Table with Bluetooth devices

Thoughts on Bluetooth 5 and the device pairing user experience

I’ll go as far as to say that I hate Bluetooth device pairing!

The new Bluetooth 5 specification promises “4x range, 2x speed, and 8x broadcasting message capacity” in low energy modes. However, the specification for the wireless protocol still hasn’t provided manufacturers and ultimately consumers with any unified user experience to go with the protocol.

I can’t pick up a Bluetooth enabled device of any kind and intuitively know how to make it work. Some devices require you to pull out the battery and reinsert it while pressing a button. Others require you to hold your hand above them or shake them while clicking a button. Maybe there is a small hole where I should insert the tip of a pen? The pairing button or hole may or may not have the Bluetooth icon embossed on or near them. Oh, I need to keep both mouse buttons pressed while removing the battery; and then it will go into pairing mode when I reinsert the battery? How am I to know? Every Bluetooth enabled device behaves differently.

When I’ve finally managed to get the device into pairing mode; I can’t be sure that I’ve correctly put it into pairing mode. I wasn’t sure on the process to get it into the mode in the first place. Now, I’ve got a quickly flashing blue LED the device. That must be good, right? Another device may give you a sequence of three rapid flashes when you turn it but wouldn’t enter pairing mode; just to let you know it can do that. Some devices even beep or vibrate, but I still can’t tell for sure what it wants to tell me. Again, every Bluetooth enabled device behaves differently.

I pull up my phone, and try to search for the new device. It will usually be named as a MAC address, before being renamed with a random string or brand name. The list of nearby and forgotten devices that I have listed on my phone reshuffles and resorts itself by nobody-knows-what-parameter every few seconds. By the process of elimination and guesswork, I identify the correct device and click pair. Nothing happens. The LED on my Bluetooth device stops flashing and pulsates slowly a few times before going dark. I still don’t know whether it worked or not, because every Bluetooth enabled device behaves differently.

Fast-forward two hours. I want to use my device with my laptop instead of my phone. Do I have to unpair it before I can repair it with a new device? Must I press a button? pop out the batteries? or what is the unpairing sequence for this device? Can I pair it with two devices at the same time and switch device by holding the pairing button? I don’t know and I doubt anyone else would know either as every Bluetooth enabled device behaves differently.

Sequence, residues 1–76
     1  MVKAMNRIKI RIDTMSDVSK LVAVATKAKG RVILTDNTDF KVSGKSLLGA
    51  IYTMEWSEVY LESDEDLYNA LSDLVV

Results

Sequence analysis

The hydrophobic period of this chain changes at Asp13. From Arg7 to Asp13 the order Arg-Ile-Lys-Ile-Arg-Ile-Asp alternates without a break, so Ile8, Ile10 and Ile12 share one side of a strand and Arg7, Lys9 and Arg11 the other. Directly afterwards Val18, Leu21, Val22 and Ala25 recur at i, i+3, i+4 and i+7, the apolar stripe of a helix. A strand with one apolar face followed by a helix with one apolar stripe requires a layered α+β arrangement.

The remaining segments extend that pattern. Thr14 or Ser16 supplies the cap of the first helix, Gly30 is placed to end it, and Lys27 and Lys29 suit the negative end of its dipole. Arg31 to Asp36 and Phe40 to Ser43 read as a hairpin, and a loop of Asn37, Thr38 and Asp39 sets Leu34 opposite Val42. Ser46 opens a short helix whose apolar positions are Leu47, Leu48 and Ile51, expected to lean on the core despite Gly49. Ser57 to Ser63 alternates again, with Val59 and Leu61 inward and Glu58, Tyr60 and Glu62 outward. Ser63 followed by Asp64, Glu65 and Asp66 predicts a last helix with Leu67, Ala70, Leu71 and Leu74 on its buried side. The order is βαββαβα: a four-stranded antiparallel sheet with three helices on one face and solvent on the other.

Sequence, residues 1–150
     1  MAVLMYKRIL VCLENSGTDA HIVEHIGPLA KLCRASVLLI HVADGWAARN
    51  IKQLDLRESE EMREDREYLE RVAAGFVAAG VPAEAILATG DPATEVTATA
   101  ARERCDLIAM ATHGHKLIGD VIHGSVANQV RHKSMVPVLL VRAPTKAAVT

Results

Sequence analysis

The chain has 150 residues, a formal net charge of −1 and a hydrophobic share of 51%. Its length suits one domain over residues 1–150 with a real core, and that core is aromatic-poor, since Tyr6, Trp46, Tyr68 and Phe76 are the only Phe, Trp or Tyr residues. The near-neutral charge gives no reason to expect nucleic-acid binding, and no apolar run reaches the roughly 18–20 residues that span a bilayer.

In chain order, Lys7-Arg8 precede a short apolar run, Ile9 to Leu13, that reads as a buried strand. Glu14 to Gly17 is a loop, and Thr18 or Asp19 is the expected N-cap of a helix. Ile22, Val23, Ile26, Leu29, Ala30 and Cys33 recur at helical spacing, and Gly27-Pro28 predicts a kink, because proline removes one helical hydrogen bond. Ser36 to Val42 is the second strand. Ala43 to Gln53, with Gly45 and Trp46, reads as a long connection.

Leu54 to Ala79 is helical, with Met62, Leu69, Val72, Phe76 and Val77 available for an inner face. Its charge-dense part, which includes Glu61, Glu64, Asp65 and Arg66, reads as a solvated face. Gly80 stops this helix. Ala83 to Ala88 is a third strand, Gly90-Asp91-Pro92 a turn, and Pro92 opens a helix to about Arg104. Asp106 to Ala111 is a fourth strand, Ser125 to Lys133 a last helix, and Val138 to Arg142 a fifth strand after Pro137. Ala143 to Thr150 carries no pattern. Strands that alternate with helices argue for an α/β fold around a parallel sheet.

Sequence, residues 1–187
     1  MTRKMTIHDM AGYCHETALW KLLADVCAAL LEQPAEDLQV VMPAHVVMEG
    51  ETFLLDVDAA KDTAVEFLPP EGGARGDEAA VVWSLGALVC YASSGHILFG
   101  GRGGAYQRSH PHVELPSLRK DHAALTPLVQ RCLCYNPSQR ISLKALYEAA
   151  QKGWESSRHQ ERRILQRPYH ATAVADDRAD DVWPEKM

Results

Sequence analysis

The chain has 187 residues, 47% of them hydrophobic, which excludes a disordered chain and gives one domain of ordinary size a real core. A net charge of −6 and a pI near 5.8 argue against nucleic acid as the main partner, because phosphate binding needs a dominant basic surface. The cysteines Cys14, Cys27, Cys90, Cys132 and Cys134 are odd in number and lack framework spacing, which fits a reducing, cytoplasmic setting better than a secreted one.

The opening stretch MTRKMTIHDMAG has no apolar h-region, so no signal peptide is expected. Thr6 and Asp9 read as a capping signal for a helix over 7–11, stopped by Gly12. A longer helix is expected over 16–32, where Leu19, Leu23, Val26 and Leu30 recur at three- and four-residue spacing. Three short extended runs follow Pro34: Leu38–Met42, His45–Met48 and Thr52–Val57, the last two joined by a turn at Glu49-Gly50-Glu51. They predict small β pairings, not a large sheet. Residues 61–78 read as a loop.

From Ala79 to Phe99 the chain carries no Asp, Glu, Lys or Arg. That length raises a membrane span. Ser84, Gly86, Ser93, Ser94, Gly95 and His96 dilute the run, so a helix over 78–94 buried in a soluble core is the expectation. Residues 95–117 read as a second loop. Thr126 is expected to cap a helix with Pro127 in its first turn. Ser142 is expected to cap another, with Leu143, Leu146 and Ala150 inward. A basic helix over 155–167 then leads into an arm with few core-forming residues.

Funnily enough, the Bluetooth specification refers to the pairing [authentication] method behind the screenless-interactions described above as “Just Works”. Unironically!

I can’t call upon prior experiences with Bluetooth pairing to aid me; the interaction is so varied from device to device that all I associate with the process is a level of frustration.

I’ve skimmed through the Bluetooth 5 Core Specification, and there is very little there about user interactions and experience. It’s actually left entirely up to the implementer! There is no specification for how the user experience should be, and a combination of carelessness and laziness have produced an ecosystem of devices where all devices are technically capable of pairing with each other. Yet, each device requires unique knowledge and training/trial-and-error to make it work with any of the others.

Bluetooth 5 didn’t need to get faster, use less energy, or be more friendly to tracking people around in meatspace. It needed to lay down the law for how devices should behave to ensure a consistent and pleasant user experience. The members of the Bluetooth SIG missed the opportunity to address this in Bluetooth 5. We can only hope they’ll address this longstanding issue for their next major milestone. —and yes, I understand their members probably aren’t all that interested in formal design requirements from the Bluetooth Core Specification. However, users are for damned sure interested in not having to deal with so much variety in how they pair their devices!

I avoid Bluetooth devices and stick with wired accessories when possible. Wired headphones, keyboard, and mice aren’t as sexy as their wireless counterparts, but they “just work” where Bluetooth is more often than not “just a whole lot of extra work.”.

5 comments

  1. I don’t see why this is such a big problem, the handbook of each product should clearly describe how to use it. So all in all I think that the improvement of speed and range was the right think to do.

    1. The problem is that you have to learn anew with every product and remember different procedures for different products. To make matters worse; the procedure for all products are almost the same but different enough for it all to decompose in your brain into a tangled mess of button presses, battery removal, device orientation changes, cable disconnections, etc, etc. It’s not a good user experience and doesn’t scale beyond one or two devices.

  2. You are hoping the newer BT works like the Apple wireless EarPods do in the Apple environment?

    1. No. I’m hoping that the pairing user experience could be standardized across devices and manufactures. This is not part of BT5, but I hope they can work on it for the next major version.

  3. How can product designers sleep at night when they’re making devices that force you to remove and reinsert the battery before use!? Bluetooth isn’t a terrible technology, but it sure has been implemented poorly.

Leave a Reply

Your email address will not be published. Be courteous and on-topic. Comments are moderated prior to publication.